The Oscar-7 amateur satellite, aka AO-7, was launched into Earth orbit on November 15, 1974 and included an automatic telemetry downlink by radio.
After several years' operation, the batteries shorted out and silenced the satellite. In mid-2002, however, it was suddenly heard again, after the batteries went open-circuit and allowed the satellite to run purely on solar power. Since then, it has continued to work quite well, with everything besides the batteries working essentially as well as it did circa 1980.
As far as I can tell, the telemetry only reports the values of certain measurements taken on board, and does not provide any error flags or interpretation of these values. The format of the data is in groups of figures transmitted using Morse code, which can be received and decoded by a reasonably modern computer with an attached radio receiver:
100 176 164 178
280 262 200 254
375 358 331 354
453 454 461 459
541 501 552 529
600 600 601 651
The last group of digits in the block, reading 651, is the one which tells you whether the telemetry itself is reliable. Ideally it should be 650, but 651 is close enough. The telemetry is sent continuously, delimited by the "HI HI" callsign markers, which possibly counts as "periodically" given the time it takes to send a single block.
Also predating 2000 is Oscar-27, aka AO-27, which was launched on September 26, 1993. Being almost 20 years newer than Oscar-7, telemetry is provided in a directly computer-readable format (1200-baud AFSK).
AO-27 is a secondary amateur communications payload carried aboard the EYESAT-1 experimental MICROSAT satellite built by Interferometrics Inc. of Chantilly, Virginia. The commercial side of the spacecraft's mission is the experimental monitoring of mobile industrial equipment.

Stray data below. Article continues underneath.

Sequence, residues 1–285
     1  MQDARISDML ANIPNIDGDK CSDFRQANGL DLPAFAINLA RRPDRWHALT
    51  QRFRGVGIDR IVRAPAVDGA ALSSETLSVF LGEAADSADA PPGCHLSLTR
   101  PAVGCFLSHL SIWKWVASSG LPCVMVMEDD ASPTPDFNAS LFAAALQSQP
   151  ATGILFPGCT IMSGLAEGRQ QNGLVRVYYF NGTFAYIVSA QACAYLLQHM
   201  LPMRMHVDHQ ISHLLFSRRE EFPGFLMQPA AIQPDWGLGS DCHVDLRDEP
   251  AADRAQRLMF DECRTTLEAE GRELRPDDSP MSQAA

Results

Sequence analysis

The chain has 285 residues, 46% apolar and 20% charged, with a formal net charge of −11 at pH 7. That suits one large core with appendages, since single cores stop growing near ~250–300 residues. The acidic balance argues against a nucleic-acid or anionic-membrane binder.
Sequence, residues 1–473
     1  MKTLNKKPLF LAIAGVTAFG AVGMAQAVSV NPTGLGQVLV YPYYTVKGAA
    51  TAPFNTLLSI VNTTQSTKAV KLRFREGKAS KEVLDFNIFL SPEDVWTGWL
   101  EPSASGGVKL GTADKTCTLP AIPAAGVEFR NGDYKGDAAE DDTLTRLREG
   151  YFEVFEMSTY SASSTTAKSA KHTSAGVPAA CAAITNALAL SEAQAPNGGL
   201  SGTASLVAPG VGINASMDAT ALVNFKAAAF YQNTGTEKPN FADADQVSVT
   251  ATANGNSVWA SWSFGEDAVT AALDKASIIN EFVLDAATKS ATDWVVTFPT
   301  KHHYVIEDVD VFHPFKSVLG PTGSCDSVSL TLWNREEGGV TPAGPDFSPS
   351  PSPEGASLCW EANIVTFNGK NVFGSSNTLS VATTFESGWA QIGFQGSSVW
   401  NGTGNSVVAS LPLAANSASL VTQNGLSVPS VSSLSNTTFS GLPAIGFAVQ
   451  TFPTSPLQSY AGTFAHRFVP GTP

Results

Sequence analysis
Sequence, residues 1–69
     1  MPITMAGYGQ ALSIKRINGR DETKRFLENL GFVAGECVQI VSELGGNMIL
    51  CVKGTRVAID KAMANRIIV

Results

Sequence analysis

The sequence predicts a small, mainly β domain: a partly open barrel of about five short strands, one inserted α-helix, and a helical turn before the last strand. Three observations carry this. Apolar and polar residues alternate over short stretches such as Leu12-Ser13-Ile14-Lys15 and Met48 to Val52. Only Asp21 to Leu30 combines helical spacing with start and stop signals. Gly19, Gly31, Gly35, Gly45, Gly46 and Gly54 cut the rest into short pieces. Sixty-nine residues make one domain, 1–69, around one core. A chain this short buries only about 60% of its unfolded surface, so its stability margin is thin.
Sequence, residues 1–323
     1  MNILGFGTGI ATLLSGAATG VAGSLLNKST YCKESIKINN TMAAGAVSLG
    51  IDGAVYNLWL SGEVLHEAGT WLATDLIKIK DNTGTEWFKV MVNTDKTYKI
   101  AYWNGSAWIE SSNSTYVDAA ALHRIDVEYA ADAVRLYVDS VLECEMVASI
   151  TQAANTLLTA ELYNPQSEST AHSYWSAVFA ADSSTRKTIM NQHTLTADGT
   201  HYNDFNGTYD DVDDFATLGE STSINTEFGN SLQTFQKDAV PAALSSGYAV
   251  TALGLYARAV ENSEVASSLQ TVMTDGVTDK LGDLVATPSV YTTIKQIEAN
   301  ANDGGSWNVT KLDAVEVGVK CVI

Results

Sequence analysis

Sample of raw telemetry data from Oscar-27:
[TIMESTAMP] OS 117 [000/11:18:30] [Sat Feb 28 20:30:17 2009]
[HWS] 1235853007 <BCR Setpoint 1F><TXC Exciter ON><TXC 5v HPA ON><Rx=082F80><Modem=88FFE4><BCR=180D1F><Tx=000377>
[SWS] <TXMODE=2> <WDOG1=80><WDOG2=0><WDOG3=0>
[SWS] <TEPR1=0, 0><TEPR2=0, 0><TEPR3=0, 0><TEPR4=0, 0><TEPR5=0, 0><TEPR6=0, 0>
Some of that data is more-or-less human-readable. The rest is also self-describing, in that each data element is unambiguously delimited and associated with a unique field name, and can thus be parsed by a computer without prior knowledge of which or even how many elements exist.
Telemetry data is usually sent on a schedule timed to coincide with passes over the Northern Hemisphere, thus periodically, and is followed by a period of payload operation.
Oscar-27 also monitors its own battery charge status, and will automatically shut down the more powerful payload transmitter when the batteries run low (which can happen during "eclipse season"), switching to a mode where it sends telemetry instead using a weaker transmitter. Thus it effectively also sends telemetry in response to an error condition.